Scientific accuracy (p.51):

Sophie was crestfallen. Her crest fell at the rate of ten metres per second per second, which is the terminal velocity of any object dropped under the influence of Earth’s gravitational pull.

Malapropisms? (p57):

There was a pregnant pause. Not, perhaps I should clarify, a pause that lasted nine months. That would be more than pause, quite frankly. It would be more like a hiatus. Rather, a pause that contained within it the possibility of something that would only later come to light. A pause that might make you sick in the mornings.

Dan Brown’s overexplaining, on p. 79:

‘But,’ Teabag pointed out, ‘you said marry.’
‘Did I?’ said Sophie. ‘Really? That must have been a Freudian slip. I meant murder.’
‘Ah,’ said Robert. ‘A Freudian slip, really? One of those occasions, identified by the great Austrian psychotherapist Sigmund Freud, who as we all know was born in 1856 in Vienna and died in 1939 in London, when the subconscious mind subtly changes what we intended to say, replacing the word with one that carries some significant emotional cathexis from our Id?’
‘Yes,’ said Teabag, ‘one of those.’

In a reference to DB’s rubbish etymology for “sincere”, AR provides one of his own:

‘Mafia,’ said Sophie, ‘means my faith — ma-fia. It’s a spiritual designation, associated from its earliest days with the Papacy and the Catholic Church. But that’s only to say that it is a manifestation of a deeper secret organisation. They have tentacles everywhere — in Hollywood, where the Godfather films were made. In N.A.S.A., where the moon landings were faked. Here in Britain, where the Royal Family are run as a complex scam.’

One of the book’s shocking revelations is the existence of “Leonardo’s twin sister”, “Eda”. Here there is some informational value and the “truth by association” trick, with the author mentioning Shakespeare’s sister (actually, this one) and Dorothy Wordsworth (although it keeps to the spirit of the original, by not saying anything that is actually true).

The first mention of the Mona Lisa seems to be on p. 97, where it is described thus:

‘[…]Think of the Mona Lisa… Leonardo’s most famous image.’
‘Ah yes. The original smiley,’ said Robert, nodding. ‘Only not so yellow. Or so circular.’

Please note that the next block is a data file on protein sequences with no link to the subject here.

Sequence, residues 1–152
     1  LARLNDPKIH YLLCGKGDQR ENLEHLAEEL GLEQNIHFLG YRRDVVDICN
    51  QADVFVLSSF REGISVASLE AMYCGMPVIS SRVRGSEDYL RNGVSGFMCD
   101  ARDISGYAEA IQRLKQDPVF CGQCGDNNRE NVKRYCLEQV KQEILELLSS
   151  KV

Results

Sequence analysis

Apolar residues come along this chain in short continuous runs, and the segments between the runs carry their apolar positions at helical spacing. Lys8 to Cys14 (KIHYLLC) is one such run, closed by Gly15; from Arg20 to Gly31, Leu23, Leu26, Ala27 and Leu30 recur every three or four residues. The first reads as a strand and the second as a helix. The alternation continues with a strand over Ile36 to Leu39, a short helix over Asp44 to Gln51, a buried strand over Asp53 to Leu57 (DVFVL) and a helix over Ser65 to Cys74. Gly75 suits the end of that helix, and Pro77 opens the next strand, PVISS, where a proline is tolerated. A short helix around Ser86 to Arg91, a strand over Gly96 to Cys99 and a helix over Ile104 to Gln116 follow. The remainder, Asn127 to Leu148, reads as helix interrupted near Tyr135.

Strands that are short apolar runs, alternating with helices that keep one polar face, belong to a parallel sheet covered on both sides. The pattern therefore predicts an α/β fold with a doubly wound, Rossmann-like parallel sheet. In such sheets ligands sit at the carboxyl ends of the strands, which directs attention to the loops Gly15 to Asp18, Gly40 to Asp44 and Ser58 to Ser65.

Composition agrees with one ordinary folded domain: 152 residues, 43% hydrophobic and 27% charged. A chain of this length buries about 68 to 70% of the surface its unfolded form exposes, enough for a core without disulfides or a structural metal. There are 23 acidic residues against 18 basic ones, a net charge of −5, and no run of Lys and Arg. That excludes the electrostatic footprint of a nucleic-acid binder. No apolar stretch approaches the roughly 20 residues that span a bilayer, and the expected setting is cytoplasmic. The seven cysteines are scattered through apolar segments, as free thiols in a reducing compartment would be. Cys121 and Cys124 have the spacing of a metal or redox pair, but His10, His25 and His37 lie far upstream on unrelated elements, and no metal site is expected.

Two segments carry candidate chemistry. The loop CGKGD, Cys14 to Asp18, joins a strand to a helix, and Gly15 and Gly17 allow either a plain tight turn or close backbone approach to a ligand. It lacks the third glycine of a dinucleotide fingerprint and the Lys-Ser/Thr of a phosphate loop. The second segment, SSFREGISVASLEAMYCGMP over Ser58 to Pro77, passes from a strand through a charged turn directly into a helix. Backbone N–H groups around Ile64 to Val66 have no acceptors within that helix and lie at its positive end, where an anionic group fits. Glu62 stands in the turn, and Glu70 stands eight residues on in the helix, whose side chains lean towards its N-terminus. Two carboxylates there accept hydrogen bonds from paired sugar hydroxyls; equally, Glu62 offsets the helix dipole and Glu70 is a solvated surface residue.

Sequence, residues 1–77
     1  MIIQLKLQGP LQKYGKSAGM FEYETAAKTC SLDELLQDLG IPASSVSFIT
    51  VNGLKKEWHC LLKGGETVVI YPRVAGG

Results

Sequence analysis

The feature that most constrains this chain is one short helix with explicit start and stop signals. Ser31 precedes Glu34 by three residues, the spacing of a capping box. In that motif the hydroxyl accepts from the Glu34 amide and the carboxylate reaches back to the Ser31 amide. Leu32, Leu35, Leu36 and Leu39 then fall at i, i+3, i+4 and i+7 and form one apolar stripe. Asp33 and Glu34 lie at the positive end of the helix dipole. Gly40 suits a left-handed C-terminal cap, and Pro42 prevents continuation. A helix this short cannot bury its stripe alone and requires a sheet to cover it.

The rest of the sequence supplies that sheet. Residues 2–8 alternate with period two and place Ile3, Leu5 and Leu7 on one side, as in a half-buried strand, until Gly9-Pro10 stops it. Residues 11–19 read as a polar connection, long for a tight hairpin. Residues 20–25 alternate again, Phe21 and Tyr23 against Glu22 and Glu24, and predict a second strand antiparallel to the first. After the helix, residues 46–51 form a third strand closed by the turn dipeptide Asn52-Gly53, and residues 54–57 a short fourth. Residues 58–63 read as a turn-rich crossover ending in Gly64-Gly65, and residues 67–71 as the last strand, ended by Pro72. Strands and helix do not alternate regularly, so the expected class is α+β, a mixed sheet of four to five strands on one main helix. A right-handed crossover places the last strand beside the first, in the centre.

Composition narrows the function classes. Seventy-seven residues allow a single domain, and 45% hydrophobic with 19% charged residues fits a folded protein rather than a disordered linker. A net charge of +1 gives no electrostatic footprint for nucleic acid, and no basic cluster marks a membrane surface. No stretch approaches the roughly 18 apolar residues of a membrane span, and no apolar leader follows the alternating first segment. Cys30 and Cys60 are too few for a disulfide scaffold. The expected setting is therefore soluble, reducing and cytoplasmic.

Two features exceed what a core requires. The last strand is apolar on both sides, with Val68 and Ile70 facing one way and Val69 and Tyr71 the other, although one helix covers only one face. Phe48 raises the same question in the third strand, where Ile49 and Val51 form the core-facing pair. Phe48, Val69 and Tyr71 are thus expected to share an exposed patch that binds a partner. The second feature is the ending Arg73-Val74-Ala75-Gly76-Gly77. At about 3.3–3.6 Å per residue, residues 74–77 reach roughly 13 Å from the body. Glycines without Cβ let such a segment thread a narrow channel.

There’s a lot more in the book, especially about cods (“The secret sign of the Cod [..] visible in any map of central London”) but I will let you discover all those shocking revelations by yourselves.

As a final shot, towards the end of the book (p. 165) there’s this:

[..] He had been shot in the stomach.
Robert, uncoiling from his instinctive flinch, smelt the tang of cordite in the air, and looked to Sophie. Cordite is an explosive propellent made from two chief ingredients, nitrocellulose and nitroglycerine, to which has been added […]

I don’t mean criticisms of Dan Brown’s lying about history, or his utter ineptitude in matters like cryptography (for an author who writes books about it). I refer solely to criticism of his “literary” style, which includes “Even Dan Brown must live. Preferably not write, but live” from Salman Rushdie, “complete loose stool-water” and “arse gravy of the worst kind” from Stephen Fry, “intellectual equivalent of Kraft Macaroni and Cheese” (and of “Jokes for the John”) by Stephen King, but most of all Geoff Pullum’s brilliant bunch of posts at the Language Log. In what has been described (by a coauthor, it must be admitted) as “the funniest bits of stylistic criticism since Mark Twain took on Fenimore Cooper’s Literary Offenses” (itself a “tour de force“, read!), Geoff Pullum pointed out:

A quick search reveals at least
The Givenchy Code: An Homage and A Parody by E.R. Escober
The Givenchy Code (Code, Book 1) by Julie Kenner